Unforseen fissures from a fractured year

“Brief, awkward exchanges reveal we differ on thoughts about pandemic life. It’s unsettling.”

By Candace Echols

Recognizing my old friends’ faces when I see them out and about is easy. However, something in me wonders—after the year we have just experienced—if they truly are the same. It can be disorienting from the moment we greet one another: hug—uh, wait, er—air-hug—sorry, I’m not sure. Do you hug anymore? An odd dance of unfamiliarity ensues and sets the tone for the rest of the exchange. 

One of life’s great delights is that we are all born with different personalities. My three-year-old for instance is extremely social. On the day of her birth, I’m pretty sure she made friends with the nurses in the delivery room. She’s just one of those people! You know the type.

It’s been a while since she was around any children her age at church. But a year ago, when she was a mere toddler and had not yet achieved the “preschooler” status, she had a good friend named Nora. She and Nora had the best time together! You see, Nora is a social bug too and while they didn’t quite have the language to carry on conversations as two-year-olds, it was enough that they could just yell one another’s names and cackle and giggle until they fell on the floor, blown over by the hilarity of it all. 

Last week, I noticed Nora’s family approaching as we were walking down a hallway. I couldn’t wait for the moment when the two would see each other and react like ol’ college pals do, hugging and laughing and reliving old times within moments. Nora’s family approached and to my shock, the girls looked right past one another!

I blurted out, “Did you not see? Look who just walked by!” She glanced over her shoulder. “It’s Nora!” She squealed with last year’s delight. “Nora—my best friend!”

In that moment, I realized that friendship has taken a beating this year, and my young daughter feels it as acutely as I do. 

Like with my old friend, it goes like this: one of us will ask how the other one is doing. The answer is the same for most everybody, so somehow that diagnostic question doesn’t get at the heart of things. My friend, who before 2020 had walked through much with me, feels painfully unfamiliar. 

I have no idea where she stands on say, mask-wearing outdoors or travel on airplanes. Who has her family buried in the last twelve months? Has she felt the sting of the sickness in her own skin? Is she homeschooling for the 173rd day today and how is she managing that fatigue? I have no idea how the pandemic has changed her and my guess is she doesn’t know either. I can tell by the look on her face that she’s wondering all of these same things about me, and I wish I could just download the answers so we could talk about something else. Something fun. Like old times. When we cackled and chortled and were blown away by hilarity. 

The lines in her face though look at a little deeper. And because I’m her friend, I’d like to know why. I’d like to carry those burdens with her, even if I have to carry them from six feet away. Brief, awkward exchanges reveal we differ on thoughts about pandemic life. It’s unsettling. I hate that feeling—that hairline fracture in our relationship. It can seem like the slightest conversational misstep might cause a true break. That is disconcerting.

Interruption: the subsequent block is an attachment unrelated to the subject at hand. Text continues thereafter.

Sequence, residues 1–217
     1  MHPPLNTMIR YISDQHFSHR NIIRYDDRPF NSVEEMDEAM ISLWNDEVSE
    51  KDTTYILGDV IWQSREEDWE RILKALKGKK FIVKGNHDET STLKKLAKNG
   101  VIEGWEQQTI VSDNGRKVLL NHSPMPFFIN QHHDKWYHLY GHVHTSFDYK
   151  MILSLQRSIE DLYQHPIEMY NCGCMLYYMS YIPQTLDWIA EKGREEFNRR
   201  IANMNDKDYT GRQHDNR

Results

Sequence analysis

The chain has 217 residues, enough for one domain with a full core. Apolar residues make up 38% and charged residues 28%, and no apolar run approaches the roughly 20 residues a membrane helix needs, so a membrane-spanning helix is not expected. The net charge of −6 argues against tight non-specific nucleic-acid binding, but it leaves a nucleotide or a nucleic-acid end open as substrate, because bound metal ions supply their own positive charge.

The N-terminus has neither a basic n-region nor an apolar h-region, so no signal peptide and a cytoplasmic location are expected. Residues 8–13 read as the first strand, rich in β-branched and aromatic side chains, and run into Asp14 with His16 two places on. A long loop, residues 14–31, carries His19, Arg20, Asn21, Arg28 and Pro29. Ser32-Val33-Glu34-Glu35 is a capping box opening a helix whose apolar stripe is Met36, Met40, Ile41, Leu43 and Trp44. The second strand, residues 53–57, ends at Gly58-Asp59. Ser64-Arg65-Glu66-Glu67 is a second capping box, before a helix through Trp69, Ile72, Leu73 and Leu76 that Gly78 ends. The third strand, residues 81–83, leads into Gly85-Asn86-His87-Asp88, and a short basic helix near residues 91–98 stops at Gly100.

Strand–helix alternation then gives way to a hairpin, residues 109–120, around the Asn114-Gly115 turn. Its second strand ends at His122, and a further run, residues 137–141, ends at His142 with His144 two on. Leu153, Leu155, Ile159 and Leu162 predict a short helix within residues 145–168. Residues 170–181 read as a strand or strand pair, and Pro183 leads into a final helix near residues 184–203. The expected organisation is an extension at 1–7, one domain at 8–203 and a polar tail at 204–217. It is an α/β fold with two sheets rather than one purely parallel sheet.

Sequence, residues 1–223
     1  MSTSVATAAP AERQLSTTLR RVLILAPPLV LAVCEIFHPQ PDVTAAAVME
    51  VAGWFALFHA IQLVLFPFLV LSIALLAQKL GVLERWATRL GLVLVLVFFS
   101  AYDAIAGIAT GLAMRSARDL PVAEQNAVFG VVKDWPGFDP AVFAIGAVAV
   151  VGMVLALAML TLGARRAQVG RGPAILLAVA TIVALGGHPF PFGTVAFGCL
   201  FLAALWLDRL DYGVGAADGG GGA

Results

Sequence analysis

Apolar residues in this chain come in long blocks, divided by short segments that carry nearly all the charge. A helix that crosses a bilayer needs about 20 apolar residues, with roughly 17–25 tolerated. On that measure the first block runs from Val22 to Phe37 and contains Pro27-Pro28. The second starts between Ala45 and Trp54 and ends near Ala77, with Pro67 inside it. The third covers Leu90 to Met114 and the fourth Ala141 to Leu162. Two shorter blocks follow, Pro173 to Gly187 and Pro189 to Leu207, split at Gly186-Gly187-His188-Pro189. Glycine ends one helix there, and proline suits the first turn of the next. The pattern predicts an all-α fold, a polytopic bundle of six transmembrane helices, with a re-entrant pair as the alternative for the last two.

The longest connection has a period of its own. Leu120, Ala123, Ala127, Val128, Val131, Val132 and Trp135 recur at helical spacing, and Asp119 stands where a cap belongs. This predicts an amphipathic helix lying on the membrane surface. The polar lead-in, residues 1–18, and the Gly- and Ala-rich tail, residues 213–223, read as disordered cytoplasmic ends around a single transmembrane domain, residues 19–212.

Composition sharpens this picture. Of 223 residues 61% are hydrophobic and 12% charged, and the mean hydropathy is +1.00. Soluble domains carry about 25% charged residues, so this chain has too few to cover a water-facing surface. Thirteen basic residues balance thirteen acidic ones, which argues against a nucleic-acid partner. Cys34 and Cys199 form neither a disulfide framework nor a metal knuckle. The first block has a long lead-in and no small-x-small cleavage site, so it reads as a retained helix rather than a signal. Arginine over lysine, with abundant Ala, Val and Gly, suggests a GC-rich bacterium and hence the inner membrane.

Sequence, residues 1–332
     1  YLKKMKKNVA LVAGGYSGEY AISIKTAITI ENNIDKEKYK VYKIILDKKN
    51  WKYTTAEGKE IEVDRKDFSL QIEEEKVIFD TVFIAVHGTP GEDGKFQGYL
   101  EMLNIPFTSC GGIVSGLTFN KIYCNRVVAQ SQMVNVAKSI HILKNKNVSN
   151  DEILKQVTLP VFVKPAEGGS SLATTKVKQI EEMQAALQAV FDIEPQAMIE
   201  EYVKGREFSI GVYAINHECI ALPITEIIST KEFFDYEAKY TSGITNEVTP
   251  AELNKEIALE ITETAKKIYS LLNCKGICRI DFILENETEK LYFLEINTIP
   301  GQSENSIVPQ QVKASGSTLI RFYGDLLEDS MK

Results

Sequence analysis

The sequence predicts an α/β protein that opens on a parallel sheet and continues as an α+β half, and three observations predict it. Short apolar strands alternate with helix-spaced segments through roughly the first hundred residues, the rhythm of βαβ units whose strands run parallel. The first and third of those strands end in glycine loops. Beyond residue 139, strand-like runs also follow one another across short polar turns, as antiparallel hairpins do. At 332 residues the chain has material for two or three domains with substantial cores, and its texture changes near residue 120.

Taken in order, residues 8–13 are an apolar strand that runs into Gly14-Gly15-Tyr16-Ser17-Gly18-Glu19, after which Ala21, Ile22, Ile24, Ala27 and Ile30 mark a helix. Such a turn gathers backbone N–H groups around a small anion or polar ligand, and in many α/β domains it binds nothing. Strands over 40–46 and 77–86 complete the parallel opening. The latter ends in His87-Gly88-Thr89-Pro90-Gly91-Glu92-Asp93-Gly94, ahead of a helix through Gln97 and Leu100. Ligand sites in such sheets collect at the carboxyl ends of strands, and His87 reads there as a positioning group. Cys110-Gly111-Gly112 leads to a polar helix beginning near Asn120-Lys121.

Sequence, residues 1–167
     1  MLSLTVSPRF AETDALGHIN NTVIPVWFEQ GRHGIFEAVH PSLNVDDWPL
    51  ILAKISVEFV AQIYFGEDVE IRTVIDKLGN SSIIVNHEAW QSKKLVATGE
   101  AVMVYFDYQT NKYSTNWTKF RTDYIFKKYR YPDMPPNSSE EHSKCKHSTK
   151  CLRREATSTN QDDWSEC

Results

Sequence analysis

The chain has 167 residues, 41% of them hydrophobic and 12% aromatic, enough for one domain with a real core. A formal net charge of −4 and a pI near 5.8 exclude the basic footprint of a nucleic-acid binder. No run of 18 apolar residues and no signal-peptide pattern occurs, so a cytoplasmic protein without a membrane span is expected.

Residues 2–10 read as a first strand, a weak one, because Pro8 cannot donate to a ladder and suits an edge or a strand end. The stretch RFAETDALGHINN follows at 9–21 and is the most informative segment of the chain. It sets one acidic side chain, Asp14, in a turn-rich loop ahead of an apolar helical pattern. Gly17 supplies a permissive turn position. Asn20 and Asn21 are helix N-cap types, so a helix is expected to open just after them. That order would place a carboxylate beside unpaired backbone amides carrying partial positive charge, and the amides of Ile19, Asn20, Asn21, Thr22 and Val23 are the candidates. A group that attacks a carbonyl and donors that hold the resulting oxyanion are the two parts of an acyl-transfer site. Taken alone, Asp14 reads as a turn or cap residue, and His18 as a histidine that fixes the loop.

In moments like these a healthy dose of wisdom can set our friendships, the way a cast sets a split bone. Normally we are walking side-by-side with our friends, and it is easier to understand their motivations and decisions because we catch glimpses from their vantage point. But our social distance has prevented this empathy from flourishing. I don’t mean the two-meter distance — I mean the distance created by a lack of dinners and birthdays, funerals and regular Tuesdays. Together. 

As I seek advice that will not just preserve my friendships, but re-create them as more life-giving than they were before, I find myself contemplating wisdom that’s been around longer than I have. When life starts to look different, less like pandemic-life and more like real life, we can lean into God’s wisdom to be quick to listen, slow to speak, and slow to become angry.

Quite honestly, that’s the opposite of my personal default. However, mothering a gaggle of children has given me some space to test it out, so at the very least, I know my weaknesses (and they are many). In friendships, this will look like tuning in to what triggers irritation or defensiveness or arrogance in me.

In a word, I will need humility. It’s a hazy term. But in practicality, that will involve my ears and my mouth, two things preschool teachers emphasize with vigor (i.e. “Do you have your listening ears on?” “Is your mouth closed?”). Seems like if we started learning these lessons in nursery school, we would have them mastered by adulthood. Alas…

There is lifelong value in listening more and choosing words wisely. As it turns out, this is what will bring healing and refreshment to our bones, and to our friendships. 

After the year we’ve had, I don’t know a soul alive—even in the toddler class—who would turn that down!

StoryBoard features “The Yellow Chair ChronEchols” by writer Candace Echols. Candace recently published her first book, the children’s book Josephine and the QuarantineCandace is a Midtown resident, wife, and mother of five. She has written for StoryBoard’s Page One Writing Workshops, and writes in quiet moments from her yellow chair.

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